The Poverty of Privacy Rights

Title

The Poverty of Privacy Rights

Files

Link to Full Text

Download Full Text

Description

The Poverty of Privacy Rights makes a simple, controversial argument: Poor mothers in America have been deprived of the right to privacy. The U.S. Constitution is supposed to bestow rights equally. Yet the poor are subject to invasions of privacy that can be perceived as gross demonstrations of governmental power without limits. Courts have routinely upheld the constitutionality of privacy invasions on the poor, and legal scholars typically understand marginalized populations to have "weak versions" of the privacy rights everyone else enjoys. Khiara M. Bridges investigates poor mothers' experiences with the state―both when they receive public assistance and when they do not. Presenting a holistic view of just how the state intervenes in all facets of poor mothers' privacy, Bridges shows how the Constitution has not been interpreted to bestow these women with family, informational, and reproductive privacy rights. Bridges seeks to turn popular thinking on its head: Poor mothers' lack of privacy is not a function of their reliance on government assistance―rather it is a function of their not bearing any privacy rights in the first place. Until we disrupt the cultural narratives that equate poverty with immorality, poor mothers will continue to be denied this right.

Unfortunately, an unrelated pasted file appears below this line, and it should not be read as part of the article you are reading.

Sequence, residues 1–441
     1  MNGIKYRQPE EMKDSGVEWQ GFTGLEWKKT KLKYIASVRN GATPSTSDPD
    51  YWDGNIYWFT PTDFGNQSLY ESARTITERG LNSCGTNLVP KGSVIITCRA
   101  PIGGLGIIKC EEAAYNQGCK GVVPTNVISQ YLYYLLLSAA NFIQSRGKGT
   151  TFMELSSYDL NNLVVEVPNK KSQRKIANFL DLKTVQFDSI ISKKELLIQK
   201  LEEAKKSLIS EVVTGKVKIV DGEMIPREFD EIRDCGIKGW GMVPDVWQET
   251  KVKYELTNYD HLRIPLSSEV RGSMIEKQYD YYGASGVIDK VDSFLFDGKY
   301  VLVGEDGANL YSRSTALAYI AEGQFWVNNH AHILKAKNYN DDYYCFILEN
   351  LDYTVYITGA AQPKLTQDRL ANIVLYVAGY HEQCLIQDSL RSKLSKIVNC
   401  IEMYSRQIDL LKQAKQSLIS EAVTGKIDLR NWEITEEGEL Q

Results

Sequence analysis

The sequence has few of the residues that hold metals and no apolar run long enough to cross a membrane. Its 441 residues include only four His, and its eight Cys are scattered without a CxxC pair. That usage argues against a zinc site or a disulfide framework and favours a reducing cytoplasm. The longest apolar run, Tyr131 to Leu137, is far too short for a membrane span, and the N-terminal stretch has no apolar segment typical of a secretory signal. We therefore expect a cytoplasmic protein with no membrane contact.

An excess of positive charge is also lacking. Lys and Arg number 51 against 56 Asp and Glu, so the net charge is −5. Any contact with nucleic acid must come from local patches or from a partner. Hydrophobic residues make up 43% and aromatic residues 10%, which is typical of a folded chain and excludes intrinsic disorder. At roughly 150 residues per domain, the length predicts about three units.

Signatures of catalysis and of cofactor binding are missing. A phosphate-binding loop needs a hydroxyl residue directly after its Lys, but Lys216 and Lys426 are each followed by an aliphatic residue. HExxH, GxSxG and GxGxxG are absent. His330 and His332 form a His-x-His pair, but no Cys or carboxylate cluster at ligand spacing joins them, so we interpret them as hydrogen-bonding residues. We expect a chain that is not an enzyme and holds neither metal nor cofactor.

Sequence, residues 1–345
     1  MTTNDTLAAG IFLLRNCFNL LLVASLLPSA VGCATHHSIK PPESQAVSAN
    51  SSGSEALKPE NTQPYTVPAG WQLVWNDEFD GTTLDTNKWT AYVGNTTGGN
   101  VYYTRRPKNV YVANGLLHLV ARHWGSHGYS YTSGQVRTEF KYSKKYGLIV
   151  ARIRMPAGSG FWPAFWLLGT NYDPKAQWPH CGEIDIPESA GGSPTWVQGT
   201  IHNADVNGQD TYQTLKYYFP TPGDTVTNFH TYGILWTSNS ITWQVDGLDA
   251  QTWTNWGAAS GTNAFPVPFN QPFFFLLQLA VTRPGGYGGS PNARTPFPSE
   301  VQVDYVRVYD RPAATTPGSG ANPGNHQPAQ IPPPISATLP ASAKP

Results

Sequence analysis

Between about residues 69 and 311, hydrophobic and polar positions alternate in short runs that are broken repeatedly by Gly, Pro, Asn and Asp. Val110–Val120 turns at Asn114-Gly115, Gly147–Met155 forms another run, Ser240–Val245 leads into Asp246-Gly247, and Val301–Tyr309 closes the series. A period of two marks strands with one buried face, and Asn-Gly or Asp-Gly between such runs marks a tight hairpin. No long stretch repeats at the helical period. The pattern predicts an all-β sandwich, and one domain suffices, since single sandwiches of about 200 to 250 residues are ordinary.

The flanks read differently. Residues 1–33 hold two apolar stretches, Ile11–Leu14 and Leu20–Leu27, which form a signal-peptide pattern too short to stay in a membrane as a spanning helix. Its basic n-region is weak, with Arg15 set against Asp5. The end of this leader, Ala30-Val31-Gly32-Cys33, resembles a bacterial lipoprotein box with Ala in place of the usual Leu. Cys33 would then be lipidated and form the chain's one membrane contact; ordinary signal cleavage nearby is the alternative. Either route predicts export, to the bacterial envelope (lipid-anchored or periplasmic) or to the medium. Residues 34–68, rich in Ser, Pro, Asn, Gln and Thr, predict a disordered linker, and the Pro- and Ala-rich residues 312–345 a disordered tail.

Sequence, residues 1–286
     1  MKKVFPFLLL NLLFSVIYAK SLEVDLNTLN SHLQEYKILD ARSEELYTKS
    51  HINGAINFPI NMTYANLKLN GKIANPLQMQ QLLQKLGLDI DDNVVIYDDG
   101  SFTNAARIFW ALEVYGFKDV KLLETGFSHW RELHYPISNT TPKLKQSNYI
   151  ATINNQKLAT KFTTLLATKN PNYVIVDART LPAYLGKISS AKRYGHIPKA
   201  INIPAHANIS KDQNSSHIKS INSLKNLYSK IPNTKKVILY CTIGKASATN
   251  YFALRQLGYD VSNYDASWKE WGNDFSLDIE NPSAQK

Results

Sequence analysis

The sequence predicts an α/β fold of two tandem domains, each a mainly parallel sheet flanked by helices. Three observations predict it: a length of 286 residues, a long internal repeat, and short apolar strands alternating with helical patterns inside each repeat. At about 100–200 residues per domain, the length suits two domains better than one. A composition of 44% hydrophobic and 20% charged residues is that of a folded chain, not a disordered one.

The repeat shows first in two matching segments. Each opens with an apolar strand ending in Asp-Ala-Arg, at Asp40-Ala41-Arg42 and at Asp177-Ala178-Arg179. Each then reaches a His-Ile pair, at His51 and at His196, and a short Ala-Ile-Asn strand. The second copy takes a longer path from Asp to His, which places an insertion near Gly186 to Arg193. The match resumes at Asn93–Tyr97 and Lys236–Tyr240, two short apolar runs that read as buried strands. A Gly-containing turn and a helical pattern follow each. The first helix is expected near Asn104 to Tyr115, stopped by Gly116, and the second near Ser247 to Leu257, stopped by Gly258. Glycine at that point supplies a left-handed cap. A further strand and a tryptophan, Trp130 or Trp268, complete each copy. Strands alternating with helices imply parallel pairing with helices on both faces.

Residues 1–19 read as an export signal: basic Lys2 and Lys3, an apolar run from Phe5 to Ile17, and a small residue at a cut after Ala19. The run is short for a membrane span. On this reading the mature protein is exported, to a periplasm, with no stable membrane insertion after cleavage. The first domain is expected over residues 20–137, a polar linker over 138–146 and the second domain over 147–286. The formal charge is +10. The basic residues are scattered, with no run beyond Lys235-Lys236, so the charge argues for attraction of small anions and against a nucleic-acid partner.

ISBN

9780804795456

Publication Date

6-20-2017

Publisher

Stanford University Press

City

Stanford

Keywords

family privacy, reproductive privacy, low-income mothers, legal status, poor, healthcare

Disciplines

Civil Rights and Discrimination | Constitutional Law | Family Law | Law | Privacy Law